TV licensing collector Capita plunged into the red after admitting that the coronavirus has thrown its turnaround plans off course.
The outsourcer, which also operates London’s congestion charge, slid to a £28.5million loss in the first half of the year compared to a £31.2million profit over the same time in 2019.
TV licensing collector Capita, which also operates London’s congestion charge, slid to a £28.5m loss in the first half of the year compared to a £31.2m profit over the same time in 2019
That sent shares down by 20 per cent, or 7.18p, to 28.7p.
Investors had been assured by management that this would be the year the troubled outsourcer would buck up its performance, and boost its revenues.
But this goal has been pushed back a year, while a key cash flow target has been delayed by up to two years.
Chief executive Jon Lewis said: ‘This crisis has come in a pivotal year for Capita when we had expectations of beginning to generate revenue growth and sustainable cash flow. Instead, we have had to focus on managing our way through the crisis.’
The amount of money Capita collects on some of its contracts depends on how busy they are.
Units such as the customer service call centres it operates for mobile phone carriers, and the debt collection businesses it operates for councils, have suffered as priorities shifted to dealing with the pandemic.
Capita also noted that while it was still taking on new contracts, they were less profitable.
Lockdown also prompted fewer of its 60,000 staff to go on holiday, adding to the company’s woes as it had to book a £42.6million charge.
Although the charge is mainly theoretical, as Capita would only have to pay the money if swathes of its staff resigned without taking their annual leave, it still pushed down profits.
In order to help pay down the debt, which now stands at £1.1billion compared to the entire company’s £494million market value, Capita is planning to sell off its Education Software Solutions arm, which is used by around 21,000 schools to manage their administration.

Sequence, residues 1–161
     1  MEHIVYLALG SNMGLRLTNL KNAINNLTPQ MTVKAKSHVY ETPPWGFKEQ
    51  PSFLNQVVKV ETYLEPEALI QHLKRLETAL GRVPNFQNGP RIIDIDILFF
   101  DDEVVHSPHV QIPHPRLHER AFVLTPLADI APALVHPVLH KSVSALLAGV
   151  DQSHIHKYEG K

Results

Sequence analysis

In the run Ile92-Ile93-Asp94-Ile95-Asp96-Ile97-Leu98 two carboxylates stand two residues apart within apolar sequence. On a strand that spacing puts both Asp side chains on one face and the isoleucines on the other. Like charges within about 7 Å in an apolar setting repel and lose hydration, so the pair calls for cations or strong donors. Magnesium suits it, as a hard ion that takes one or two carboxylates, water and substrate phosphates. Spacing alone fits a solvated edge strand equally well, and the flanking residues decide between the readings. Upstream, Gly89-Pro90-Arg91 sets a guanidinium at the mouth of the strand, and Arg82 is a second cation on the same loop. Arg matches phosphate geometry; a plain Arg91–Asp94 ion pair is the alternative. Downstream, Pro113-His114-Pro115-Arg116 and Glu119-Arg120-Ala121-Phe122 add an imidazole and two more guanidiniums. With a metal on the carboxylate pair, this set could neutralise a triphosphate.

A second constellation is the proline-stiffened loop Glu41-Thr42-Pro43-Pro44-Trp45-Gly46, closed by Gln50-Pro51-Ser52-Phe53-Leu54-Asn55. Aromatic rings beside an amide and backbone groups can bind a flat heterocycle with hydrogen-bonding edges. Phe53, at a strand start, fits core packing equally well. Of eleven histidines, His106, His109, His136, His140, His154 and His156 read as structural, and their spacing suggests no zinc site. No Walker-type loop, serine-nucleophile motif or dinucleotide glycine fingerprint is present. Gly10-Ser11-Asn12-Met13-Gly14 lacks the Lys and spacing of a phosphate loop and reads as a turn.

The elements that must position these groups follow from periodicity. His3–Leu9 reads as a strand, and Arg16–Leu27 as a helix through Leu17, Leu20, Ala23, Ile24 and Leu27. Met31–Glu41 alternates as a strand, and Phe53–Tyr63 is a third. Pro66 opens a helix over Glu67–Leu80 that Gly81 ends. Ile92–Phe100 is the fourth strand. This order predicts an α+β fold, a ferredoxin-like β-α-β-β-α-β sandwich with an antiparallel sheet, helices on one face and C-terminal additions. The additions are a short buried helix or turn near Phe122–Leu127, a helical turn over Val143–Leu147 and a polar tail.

It is understood that a number of companies have already been eyeing the business.
Smaller outsourcer Mears Group, which mainly provides housing management and maintenance services for Government, reported a sunnier set of half-year results, swinging from an £18.1million profit to a £6.7million loss, as the pandemic meant customers only paid for emergency maintenance.
But it is confident that activity will pick up in the second half of the year. Shares climbed 8.2 per cent, or 9.5p, to 125p.
On Wall Street, the S&P hit a record high of 3393.52 points during morning trading, boosted by tech giants such as Amazon which have prospered during the pandemic.
UK stocks were unloved in comparison, with analysts at Jefferies likening the FTSE 100 to ‘an orphan left out in the cold’.
The blue-chip index edged down 0.83 per cent, or 50.82 points, to 6076.62 – Jefferies blaming the pessimism on a ‘perfect storm’ of Brexit, coronavirus worries, and swingeing dividend cuts.
The FTSE 250 also slipped – by 0.84 per cent, or 148.86 points, to 17623.02.
Amigo Holdings was back on the rise after its controversial founder James Benamor told followers on Twitter that he was plotting a comeback.
Benamor has already quit the firm twice before and last time accused its management of committing ‘slow motion suicide’, accusing the board of making poor decisions and not being straight with shareholders.
Shares surged 6.3 per cent, or 0.55p, to 9.3p.
While most retailers have been struggling through lockdown, Angling Direct revenue rose £32.1million in the first six months of the year, as online sales jumped 43 per cent to £17.9million. Shares leapt 12.2 per cent, or 6p, to 55p.
Some links in this article may be affiliate links. If you click on them we may earn a small commission. That helps us fund This Is Money, and keep it free to use. We do not write articles to promote products. We do not allow any commercial relationship to affect our editorial independence.